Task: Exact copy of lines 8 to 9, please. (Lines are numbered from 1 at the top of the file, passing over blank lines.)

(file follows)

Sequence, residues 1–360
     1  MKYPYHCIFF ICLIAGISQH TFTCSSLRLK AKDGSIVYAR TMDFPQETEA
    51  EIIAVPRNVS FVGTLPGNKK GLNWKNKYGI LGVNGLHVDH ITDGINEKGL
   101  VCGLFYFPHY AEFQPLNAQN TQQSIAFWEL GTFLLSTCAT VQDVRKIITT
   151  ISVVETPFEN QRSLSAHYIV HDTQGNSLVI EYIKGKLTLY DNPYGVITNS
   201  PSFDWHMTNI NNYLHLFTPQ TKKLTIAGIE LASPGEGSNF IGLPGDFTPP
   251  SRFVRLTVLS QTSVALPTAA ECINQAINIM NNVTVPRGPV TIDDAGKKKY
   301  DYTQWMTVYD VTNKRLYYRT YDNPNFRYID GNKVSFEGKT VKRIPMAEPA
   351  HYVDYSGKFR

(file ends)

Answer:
   301  DYTQWMTVYD VTNKRLYYRT YDNPNFRYID GNKVSFEGKT VKRIPMAEPA
   351  HYVDYSGKFR